Seppo Rouvinen, Anne Rautiainen, Jari Kouki. (2005). A relation between historical forest use and current dead woody material in a boreal protected old-growth forest in Finland. Silva Fennica vol. 39 no. 1 article id 393. https://doi.org/10.14214/sf.393
Assessing the human impact on the naturalness and vegetation characteristics of protected areas is one of the key issues when designing forest conservation networks in Fennoscandia. We studied the small-scale, detailed relationship between forest utilization history and the current availability of dead woody material in a protected old-growth forest area in North Karelia, eastern Finland. From the study area of 32.4 ha, all the stumps (diameter ≥ 5 cm and height < 1.3 m, classified as natural, man-made and of undetermined origin) were measured using 25 x 25 m sub-plots. Standing and fallen dead trees (dbh ≥ 5 cm) were measured on 50 x 50 m plots in an area of 7.8 ha. The average number of stumps was 130 per ha, and over half of the stumps were classified as man-made. However, the historical documents since the 1910s showed no logging in the area: some of the largest man-made stumps probably originated from an earlier time, but most of those stumps were made considerably later. The variation in the total number of stumps (per ha) was great (range 0–560/ha, 0–16 m2/ha), with no clear clustering in space. However, clustering of man-made stumps was detected. The average volume of pooled standing and fallen trees was 84 m3/ha, with a range of 37–146 m3/ha. The other noticeable man-made disturbance besides logging was notching of aspens, which has a scatteredly significant influence on the amount of dead trees. In conclusion, the protected old-growth forest was not as a whole in a natural state but showed different degrees of human impact from virtually untouched patches to quite heavily managed patches. The results suggest that the number of man-made stumps may be a relatively quick and easy method of assessing the naturalness of woody biomass structure in the Fennoscandian boreal forests.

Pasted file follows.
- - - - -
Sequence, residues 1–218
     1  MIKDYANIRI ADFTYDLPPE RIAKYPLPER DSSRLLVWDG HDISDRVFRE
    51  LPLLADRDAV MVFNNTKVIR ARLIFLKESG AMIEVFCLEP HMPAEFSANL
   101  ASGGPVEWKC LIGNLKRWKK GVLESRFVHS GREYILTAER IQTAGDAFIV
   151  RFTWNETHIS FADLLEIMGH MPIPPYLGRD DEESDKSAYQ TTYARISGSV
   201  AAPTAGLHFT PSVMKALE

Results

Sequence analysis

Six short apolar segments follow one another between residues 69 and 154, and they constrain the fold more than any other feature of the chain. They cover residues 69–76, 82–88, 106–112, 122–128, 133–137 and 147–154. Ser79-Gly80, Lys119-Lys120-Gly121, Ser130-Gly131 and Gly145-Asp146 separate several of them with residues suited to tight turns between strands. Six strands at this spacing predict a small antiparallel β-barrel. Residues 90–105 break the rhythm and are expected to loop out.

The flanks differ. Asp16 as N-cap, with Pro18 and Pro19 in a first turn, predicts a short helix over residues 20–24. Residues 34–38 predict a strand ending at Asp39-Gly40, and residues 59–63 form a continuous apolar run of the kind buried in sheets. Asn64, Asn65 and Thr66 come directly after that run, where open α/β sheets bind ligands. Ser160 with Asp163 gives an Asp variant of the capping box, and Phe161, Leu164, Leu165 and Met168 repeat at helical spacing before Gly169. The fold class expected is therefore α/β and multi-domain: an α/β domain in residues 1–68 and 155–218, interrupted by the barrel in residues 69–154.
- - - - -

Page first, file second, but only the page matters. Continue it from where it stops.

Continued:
• Rouvinen, University of Joensuu, Faculty of Forestry, P.O. Box 111, FI-80101 Joensuu, Finland ORCID ID:E-mail: seppo.rouvinen@joensuu.fi (email)
  • Rautiainen, University of Joensuu, Faculty of Forestry, P.O. Box 111, FI-80101 Joensuu, Finland ORCID ID:E-mail:
  • Kouki, University of Joensuu, Faculty of Forestry, P.O. Box 111, FI-80101 Joensuu, Finland ORCID ID:E-mail:
article id 526, category Research article
Matleena Kniivilä, Olli Saastamoinen. (2002). The opportunity costs of forest conservation in a local economy. Silva Fennica vol. 36 no. 4 article id 526. https://doi.org/10.14214/sf.526
Costs generated by nature conservation are repeatedly under discussion. Most often the costs of conservation are estimated as aggregate figures at the national or regional level or alternatively, for a forest owner. In this study they were examined at the local level, in the forestry dependent municipality of Ilomantsi in Eastern Finland. The estimations of lost net revenues (stumpage income less silvicultural costs), wages, entrepreneurial income and profits, employment and value added were based on alternative forest management plans calculated for conservation areas. The annual losses as regards employment during the first decade were estimated to be 5.7–20.4 jobs. Later, the employment effects were estimated to be 2.4–6.3 lost jobs. Although the value added lost during the first decade was estimated to be at maximum only 3.4% of the present total value added of the municipality, the share of the value added of forestry was estimated to be higher than the mere protected forest land share would indicate. The use of conservation areas for forestry would create a moderate increase of employment in forestry, i.e. 3.8–14%, during the first decade, but it would later stabilise at a much lower level. Employment impacts at the municipal level were estimated as very small (at maximum 0.9%), but on the other hand, for some villages even single jobs may matter. The main reasons for the minor impacts were the high mechanisation rate of logging and the major flow of stumpage income outside the locality.
  • Kniivilä, University of Joensuu, Faculty of Forestry, P.O. Box 111, FIN-80101 Joensuu, Finland ORCID ID:E-mail: matleena.kniivila@joensuu.fi (email)
  • Saastamoinen, University of Joensuu, Faculty of Forestry, P.O. Box 111, FIN-80101 Joensuu, Finland ORCID ID:E-mail:
article id 675, category Research article
Per Linder, Peter Jonsson, Mats Niklasson. (1998). Tree mortality after prescribed burning in an old-growth Scots pine forest in northern Sweden. Silva Fennica vol. 32 no. 4 article id 675. https://doi.org/10.14214/sf.675